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THE YEAR 1813.


Continuation of the Arminian Magazine.




Or, the Ninth Volume of the New Series.



BY THOMAS cordeux, agent.









AVID SIMPSON,* was born October 12th, 1745, in the parish of Ingleby Arncliffe, near Northallerton, in the county of York. He had five sisters, two of whom died in infancy, and a brother, who died the day he was born. To his name the highest titles of earthly distinction could add no importance. The character he maintained in the world as a Christian, his usefulness in the church of God as a Minister, and his labours as an Author, rendered him a burning and a shining light while living, and will perpetuate his memorial now he is numbered with the dead.

His father, Mr. Ralph Simpson, was a respectable farmer; and Mr. David Simpson, who was his only son, was designed for the same occupation: but God, who never loses sight of the chosen instruments of his glory, and who preserves and prepares them for the service he has assigned them, was pleased in this instance early to reveal his pleasure in calling him from the pursuits of the world, and in separating him to the arduous and awful work of the ministry. His own account of this dispensation is very remarkable. Although his father made no religious profession beyond attention to the duties of morality, he did not neglect the form of family prayer: this exercise was sometimes performed by the father, and sometimes by the son, aided by a short formula, adapted to the use of families, in a little work called the Christian's Monitor.

Mr. Simpson refers to one of these occasions, in a brief account of the leadings of Providence, and the sovereign influence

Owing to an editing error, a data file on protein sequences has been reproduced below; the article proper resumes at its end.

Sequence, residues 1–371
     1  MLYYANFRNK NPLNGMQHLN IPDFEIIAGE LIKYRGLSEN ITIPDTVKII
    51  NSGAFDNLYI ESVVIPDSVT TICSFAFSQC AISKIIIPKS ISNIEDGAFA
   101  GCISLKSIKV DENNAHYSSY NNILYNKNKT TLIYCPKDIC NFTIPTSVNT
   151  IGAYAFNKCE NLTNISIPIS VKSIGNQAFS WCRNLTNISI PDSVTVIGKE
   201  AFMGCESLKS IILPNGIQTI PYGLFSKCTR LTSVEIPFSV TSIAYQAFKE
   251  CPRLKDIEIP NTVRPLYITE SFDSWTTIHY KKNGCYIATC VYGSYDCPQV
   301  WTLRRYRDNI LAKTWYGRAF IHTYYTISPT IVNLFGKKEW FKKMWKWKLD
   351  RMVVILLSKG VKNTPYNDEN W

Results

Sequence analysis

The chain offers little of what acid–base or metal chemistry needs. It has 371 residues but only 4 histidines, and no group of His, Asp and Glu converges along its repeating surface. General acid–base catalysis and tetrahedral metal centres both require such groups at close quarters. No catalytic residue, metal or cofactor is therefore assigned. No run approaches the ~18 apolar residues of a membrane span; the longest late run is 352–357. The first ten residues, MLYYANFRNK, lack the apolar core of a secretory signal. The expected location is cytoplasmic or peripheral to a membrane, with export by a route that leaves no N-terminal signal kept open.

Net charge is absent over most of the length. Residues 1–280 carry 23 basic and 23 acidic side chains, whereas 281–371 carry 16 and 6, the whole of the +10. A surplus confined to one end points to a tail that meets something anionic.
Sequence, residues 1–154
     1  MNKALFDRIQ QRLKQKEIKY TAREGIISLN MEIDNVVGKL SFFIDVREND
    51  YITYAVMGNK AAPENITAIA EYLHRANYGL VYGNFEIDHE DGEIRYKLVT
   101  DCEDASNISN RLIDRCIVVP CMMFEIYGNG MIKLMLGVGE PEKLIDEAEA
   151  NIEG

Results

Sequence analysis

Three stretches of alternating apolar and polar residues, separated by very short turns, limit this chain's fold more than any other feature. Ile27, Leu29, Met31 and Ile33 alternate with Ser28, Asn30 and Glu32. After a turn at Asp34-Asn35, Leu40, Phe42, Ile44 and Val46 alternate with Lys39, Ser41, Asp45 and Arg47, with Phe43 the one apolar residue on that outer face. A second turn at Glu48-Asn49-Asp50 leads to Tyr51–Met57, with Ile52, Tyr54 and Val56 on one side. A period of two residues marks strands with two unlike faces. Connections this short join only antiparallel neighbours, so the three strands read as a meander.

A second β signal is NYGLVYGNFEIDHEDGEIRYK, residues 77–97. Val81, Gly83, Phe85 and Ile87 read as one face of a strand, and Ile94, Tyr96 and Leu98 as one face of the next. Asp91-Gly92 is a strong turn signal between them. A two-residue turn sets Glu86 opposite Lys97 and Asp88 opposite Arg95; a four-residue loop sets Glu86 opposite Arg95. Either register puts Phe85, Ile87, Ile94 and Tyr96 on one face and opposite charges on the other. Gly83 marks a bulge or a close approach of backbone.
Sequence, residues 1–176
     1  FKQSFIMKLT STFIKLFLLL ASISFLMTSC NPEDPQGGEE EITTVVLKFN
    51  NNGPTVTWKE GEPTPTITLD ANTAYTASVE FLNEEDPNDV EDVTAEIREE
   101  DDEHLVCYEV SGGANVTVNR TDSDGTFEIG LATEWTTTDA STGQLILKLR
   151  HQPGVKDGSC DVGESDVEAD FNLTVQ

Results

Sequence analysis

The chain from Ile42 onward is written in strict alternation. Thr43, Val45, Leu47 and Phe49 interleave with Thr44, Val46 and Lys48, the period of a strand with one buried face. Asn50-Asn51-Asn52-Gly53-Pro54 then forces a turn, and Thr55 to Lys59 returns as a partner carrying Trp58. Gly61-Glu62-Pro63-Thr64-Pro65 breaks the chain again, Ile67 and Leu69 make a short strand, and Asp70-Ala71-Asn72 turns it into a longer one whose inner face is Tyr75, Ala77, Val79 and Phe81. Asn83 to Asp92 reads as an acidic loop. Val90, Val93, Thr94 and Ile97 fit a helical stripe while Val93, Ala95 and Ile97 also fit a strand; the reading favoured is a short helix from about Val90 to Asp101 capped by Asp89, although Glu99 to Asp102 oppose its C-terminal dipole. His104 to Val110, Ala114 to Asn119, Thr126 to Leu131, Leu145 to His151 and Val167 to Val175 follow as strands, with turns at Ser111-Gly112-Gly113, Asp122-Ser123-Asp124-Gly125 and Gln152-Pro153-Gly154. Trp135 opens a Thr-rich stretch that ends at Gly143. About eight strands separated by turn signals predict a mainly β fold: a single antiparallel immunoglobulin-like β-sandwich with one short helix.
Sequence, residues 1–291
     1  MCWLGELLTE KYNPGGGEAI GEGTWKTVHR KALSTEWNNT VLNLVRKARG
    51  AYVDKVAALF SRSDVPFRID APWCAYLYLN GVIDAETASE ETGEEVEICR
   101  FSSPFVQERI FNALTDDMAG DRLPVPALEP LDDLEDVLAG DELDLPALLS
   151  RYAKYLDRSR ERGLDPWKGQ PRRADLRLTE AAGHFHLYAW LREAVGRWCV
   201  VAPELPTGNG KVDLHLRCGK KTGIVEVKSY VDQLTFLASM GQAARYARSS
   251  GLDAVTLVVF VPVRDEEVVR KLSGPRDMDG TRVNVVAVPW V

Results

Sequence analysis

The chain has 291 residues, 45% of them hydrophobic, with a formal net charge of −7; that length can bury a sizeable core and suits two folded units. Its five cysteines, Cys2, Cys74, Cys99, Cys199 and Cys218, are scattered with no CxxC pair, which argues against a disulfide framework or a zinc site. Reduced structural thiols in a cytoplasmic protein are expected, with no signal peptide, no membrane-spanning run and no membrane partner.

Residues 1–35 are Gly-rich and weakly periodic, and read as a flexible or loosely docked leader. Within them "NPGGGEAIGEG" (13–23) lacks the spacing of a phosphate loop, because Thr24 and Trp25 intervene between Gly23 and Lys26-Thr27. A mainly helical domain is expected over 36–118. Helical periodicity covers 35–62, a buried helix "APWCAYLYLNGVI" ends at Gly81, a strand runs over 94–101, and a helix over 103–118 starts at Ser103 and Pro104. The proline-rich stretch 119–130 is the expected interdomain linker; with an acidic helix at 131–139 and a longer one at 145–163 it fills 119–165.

In the year 1800, a very short Account of Mr. Simpson, chiefly confined to his last sickness and death, appeared in our Miscellany. But though that account is satisfactory in proportion to its length, it does not supersede the necessity of one upon a larger scale. For the present Memoir we gratefully acknowledge our obligation to the Rev. Messrs. Parsons and Brown, who have prefixed it to their edition, just published, of " Simpson's Plea for the Deity of Jesus, and the Doctrine of the Trinity."

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of divine grace upon his mind: "When I was yet a boy," he says, "and undesigned for the ministry, either by my parents or from inclination, one Sunday evening, while I was reading prayers in my father's family, suddenly a voice, or something like a voice, called aloud within me, yet so as not to be perceived by any of the persons kneeling around me, You must go and be instructed for the ministry.' The voice, or whatever it might be, was so exceedingly quick and powerful, that it was with difficulty I could proceed to the end of the prayer. As soon, however, as the prayer was ended, I made request to my father to let me be trained up for the ministry. I told him all I knew of the circumstances; he, of course, denied my request, thinking it was some whim I had got into my head, which would go off again when I had slept upon it. But the voice, or what shall I call it? gave me no rest night or day for three weeks; when dear, honoured, and indulgent father, gave way to my wishes, and put me into a train of study to quality me for the University.' To appreciate the importance of this singular dispensation, and to decide upon the origin and character of the impulse to which it relates, we must look to its immediate and happy result. The stress that is often laid upon dreams, and voices, and visions, and revelations, abstracted from every thing salutary or beneficial, can only excite our pity or ridicule; but the cause, however uncommon or unaccountable, that produces effects, received as important by the common consent of all reasonable men, must engage our silence and submission. The circumstance which decided the future destination of this young man, was wholly free from that temerity and presumption which usually accompany the wild conceits of enthusiasts and fanatics. The call of which he speaks, was not to an instantaneous obtrusion upon the work of the ministry, but to a suitable course of preparation for that work; and how assiduously he improved the period devoted to this purpose, all who knew him, when actually employed in the service of the Sanctuary, are ready to bear the most ample testi